Monkey keeper Andy Fry has also been trialling the aromatherapy. He said: 'We use scent-based enrichments and have had some good results. Monkeys respond to fruit scents like orange and lemon.
'However, we have never had such a wide range, so this is an excellent opportunity. It will be interesting to see what effect lavender and tea tree oil have.'
There is also a veterinary use for the oils. Ghislaine Sayers - the zoo's head of veterinary services, said: 'You can mix almond oil with water and spray it on pigs and primates with dry skin. If a monkey has a cold, you can nebulise olbas oil with water or put it on a wet towel somewhere where the animal can smell it but not reach it."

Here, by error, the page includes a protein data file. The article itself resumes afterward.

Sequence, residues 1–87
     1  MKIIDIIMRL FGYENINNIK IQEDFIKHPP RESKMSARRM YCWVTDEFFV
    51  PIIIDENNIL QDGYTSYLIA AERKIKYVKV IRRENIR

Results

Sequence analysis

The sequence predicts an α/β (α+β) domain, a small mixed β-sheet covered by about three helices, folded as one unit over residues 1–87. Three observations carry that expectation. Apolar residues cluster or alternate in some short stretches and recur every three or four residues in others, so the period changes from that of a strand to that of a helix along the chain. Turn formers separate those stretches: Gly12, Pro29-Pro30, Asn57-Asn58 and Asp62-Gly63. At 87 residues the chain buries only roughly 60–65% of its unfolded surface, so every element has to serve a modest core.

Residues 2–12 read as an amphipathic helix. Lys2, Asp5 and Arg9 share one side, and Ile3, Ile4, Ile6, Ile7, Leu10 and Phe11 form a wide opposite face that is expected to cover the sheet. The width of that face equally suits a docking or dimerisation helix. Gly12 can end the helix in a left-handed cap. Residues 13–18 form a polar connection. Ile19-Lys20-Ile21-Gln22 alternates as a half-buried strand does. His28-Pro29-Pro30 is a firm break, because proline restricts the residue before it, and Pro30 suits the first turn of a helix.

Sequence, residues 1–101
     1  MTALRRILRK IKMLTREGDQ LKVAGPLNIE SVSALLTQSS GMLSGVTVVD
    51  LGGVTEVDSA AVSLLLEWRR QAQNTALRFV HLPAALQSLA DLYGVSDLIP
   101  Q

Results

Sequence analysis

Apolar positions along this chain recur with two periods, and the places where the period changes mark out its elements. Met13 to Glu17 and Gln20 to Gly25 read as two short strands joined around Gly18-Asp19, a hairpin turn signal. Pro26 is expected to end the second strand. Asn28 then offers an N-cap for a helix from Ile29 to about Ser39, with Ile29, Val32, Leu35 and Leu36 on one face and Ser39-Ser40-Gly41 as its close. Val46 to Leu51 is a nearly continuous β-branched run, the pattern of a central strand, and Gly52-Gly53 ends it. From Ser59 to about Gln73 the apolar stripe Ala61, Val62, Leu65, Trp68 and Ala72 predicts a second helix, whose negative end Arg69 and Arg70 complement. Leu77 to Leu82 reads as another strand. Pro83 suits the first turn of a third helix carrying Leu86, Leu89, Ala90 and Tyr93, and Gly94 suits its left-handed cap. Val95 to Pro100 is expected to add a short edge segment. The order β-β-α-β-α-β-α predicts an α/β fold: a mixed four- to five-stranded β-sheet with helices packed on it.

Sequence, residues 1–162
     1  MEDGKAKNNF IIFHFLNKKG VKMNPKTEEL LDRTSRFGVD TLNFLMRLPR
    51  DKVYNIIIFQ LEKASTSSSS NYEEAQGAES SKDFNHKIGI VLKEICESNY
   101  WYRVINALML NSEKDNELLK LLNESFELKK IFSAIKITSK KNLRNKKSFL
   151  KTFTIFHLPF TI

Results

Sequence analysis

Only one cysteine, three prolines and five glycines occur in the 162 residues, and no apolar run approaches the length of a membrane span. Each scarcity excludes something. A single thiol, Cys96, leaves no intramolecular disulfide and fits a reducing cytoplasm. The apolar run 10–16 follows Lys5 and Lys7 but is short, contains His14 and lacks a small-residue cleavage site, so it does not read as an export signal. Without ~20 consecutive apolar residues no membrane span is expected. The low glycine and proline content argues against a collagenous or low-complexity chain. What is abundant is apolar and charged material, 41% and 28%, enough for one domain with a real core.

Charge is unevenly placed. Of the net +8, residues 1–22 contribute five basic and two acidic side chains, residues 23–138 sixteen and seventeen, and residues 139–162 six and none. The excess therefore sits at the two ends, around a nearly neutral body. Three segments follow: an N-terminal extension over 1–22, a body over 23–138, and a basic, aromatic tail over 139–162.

Paignton Zoo Environmental Park has won awards for its environmental enrichment work, which encourages natural behaviours and stimulates mental and physical activity.
Enrichment can include wind chimes, background music, balls, bubbles and CDs hung up to catch the light.
In the wild, animals walk miles in search of food or migrating with the seasons. In zoos they cannot.
A Paignton Zoo spokesman said: 'Environmental enrichment helps to replace these activities and occupy the time of animals such as primates, elephants and big cats.'